The Pretty Things - overlooked in the grand scheme of things.

The Pretty Things In Session – 1965-1967 – Past Daily Soundbooth

The Pretty Things – overlooked in the grand scheme of things.

Over to one of the most underrated bands of the early 60’s, The Pretty Things were one of those bands who influenced a lot of others, and they were huge and notorious back in the UK. But in the U.S., they hardly made a dent.

The Pretty Things were preceded by Little Boy Blue and the Blue Boys, which consisted of Dick Taylor, fellow Sidcup Art College student Keith Richards, and Mick Jagger, among others. When Brian Jones was recruiting for his own band, all three joined Brian and Ian Stewart and were dubbed “Rollin’ Stones” by Jones in June 1962. Because there were too many guitar players in the band, Taylor switched to bass. He quit the Stones five months later, when he was accepted at the Central School of Art and Design in London. Phil May, another Sidcup student, convinced him to form a new band. Taylor was once again playing guitar, with May singing and playing harmonica. They recruited John Stax on bass, Brian Pendleton on rhythm guitar, and Pete Kitley on drums. Kitley was soon replaced by Viv Andrews, also known as Viv Broughton.

A fellow student at the Art College where May and Taylor studied, Bryan Morrison, was recruited as their manager. Morrison was to manage them for the rest of the 1960s, building his own Bryan Morrison Agency. This agency represented Pink Floyd among many other bands. Forming a partnership with songwriter Jimmy Duncan, he got the Pretty Things a recording contract with Fontana Records in early 1964. At this point, Viv Andrews was replaced by Viv Prince, a more experienced drummer who had played with Carter-Lewis and the Southerners.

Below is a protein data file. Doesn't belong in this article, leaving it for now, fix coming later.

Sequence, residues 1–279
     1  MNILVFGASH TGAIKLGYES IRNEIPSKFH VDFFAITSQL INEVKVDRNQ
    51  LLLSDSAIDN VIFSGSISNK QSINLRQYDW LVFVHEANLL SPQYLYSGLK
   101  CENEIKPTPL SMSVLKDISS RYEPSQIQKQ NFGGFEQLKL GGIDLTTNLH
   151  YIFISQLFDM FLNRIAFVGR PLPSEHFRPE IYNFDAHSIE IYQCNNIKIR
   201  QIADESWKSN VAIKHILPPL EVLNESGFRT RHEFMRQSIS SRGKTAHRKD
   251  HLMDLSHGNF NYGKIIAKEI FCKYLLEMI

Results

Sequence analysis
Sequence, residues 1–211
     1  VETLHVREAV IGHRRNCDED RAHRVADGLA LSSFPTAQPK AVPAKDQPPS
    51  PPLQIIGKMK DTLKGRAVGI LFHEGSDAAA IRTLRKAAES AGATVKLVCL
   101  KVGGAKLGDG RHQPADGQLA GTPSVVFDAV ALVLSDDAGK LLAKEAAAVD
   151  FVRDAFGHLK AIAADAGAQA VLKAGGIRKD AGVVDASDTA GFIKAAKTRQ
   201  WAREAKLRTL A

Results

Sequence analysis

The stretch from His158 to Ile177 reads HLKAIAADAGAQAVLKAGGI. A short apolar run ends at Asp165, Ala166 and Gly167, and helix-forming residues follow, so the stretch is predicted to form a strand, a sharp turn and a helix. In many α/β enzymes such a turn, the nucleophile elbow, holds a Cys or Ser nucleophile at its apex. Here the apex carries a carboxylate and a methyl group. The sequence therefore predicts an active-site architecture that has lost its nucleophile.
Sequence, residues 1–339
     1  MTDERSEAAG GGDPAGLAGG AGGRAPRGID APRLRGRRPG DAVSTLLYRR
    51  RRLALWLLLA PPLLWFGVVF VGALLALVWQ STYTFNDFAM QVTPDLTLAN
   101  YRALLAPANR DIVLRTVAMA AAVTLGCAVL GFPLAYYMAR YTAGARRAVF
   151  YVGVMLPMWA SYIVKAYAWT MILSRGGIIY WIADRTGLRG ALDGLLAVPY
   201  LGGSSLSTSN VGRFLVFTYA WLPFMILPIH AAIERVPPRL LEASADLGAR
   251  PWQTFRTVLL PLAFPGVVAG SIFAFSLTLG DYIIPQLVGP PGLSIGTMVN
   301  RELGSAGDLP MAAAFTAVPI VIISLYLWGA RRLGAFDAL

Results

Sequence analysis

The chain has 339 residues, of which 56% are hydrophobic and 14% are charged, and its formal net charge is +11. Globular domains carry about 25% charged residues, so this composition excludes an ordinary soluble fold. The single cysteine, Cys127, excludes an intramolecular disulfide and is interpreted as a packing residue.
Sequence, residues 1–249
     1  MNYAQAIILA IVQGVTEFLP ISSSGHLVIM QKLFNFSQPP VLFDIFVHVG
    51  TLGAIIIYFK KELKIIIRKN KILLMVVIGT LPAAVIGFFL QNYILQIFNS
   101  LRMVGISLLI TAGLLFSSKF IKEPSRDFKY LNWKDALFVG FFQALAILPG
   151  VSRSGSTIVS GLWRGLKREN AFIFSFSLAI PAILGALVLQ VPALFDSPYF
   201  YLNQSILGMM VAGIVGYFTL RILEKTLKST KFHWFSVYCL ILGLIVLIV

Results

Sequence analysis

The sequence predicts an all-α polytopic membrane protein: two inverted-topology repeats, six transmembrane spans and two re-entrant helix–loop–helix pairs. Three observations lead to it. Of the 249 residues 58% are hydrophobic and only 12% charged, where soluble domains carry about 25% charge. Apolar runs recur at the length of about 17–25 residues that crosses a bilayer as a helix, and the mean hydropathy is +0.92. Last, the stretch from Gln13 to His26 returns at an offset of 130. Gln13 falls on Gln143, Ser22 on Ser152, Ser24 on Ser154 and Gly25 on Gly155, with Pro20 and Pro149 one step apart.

The Pretty Things’ early material consisted of hard-edged blues-rock influenced by Bo Diddley and Jimmy Reed. Their first three singles appeared in the UK Singles Chart in 1964 and 1965: “Rosalyn” No. 41, “Don’t Bring Me Down” No. 10, and the self-penned “Honey I Need” at No. 13. They never had a hit in the United States, but had considerable success in their native Britain and in Australia, New Zealand, Germany and the Netherlands. Their appearance and behavior was provocative, with May claiming to have the longest hair in the UK and Prince often causing chaos wherever he went.

The band later blamed their lack of success in the US on the fact their management opted for a tour of the Southern Hemisphere in July–August 1965. During their two weeks in New Zealand, they caused so much outrage in the media that the New Zealand Parliament addressed the issue of granting entry permits to musicians like the Pretty Things. The band was never actually banned from re-entering New Zealand, contrary to what can be read in some sources.

The first of what would be many personnel changes over the years also began, with Prince, whose wild antics had become too much for the other members to endure, being the first to go in November 1965. He was replaced by Skip Alan. In early 1966 the band made a short film The Pretty Things on Film; it featured live footage and a music video prototype for “Can’t Stand the Pain”, which also featured their manager, Morrison. Rarely screened at the time, the film can be found as a bonus multimedia item on the Snapper CD re-issue of Get the Picture. 1966 saw the R&B scene fall into decline and the Pretty Things began moving away, flirting with soul music. In mid-1966 they made the UK Singles Chart for the final time with a cover of the Kinks song “A House in the Country”. In December 1966 came the single “Progress”, where the band were joined by a brass section.

Pendleton left in December 1966, and Stax followed in January 1967. Jon Povey and Wally Waller, both former Fenmen from Bern Elliott and the Fenmen, joined and made the band a five-piece once again

Tonight it’s a sampling of two periods of The Pretty Things, via Top Of The Pops. The first comes from the 1965 Hardcore Blues period and the last track comes from their brief excursion into Psychedelia from 1967.

Here’s what they play:

1. Midnight to Six Man
2. L.S.D. (meaning: Pounds, Schillings and Pence – not what you imagined it was about).
3. Defecting Grey.

A classic band who have maintained a pretty strong cult following over the years. Now you get to hear why, if you haven’t already.

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1 Response

  1. Wo Fat says:

    LSD was about exactly what people thought it was about – but if they didn’t say it was about pounds, shillings, and pence, they never could have put it out.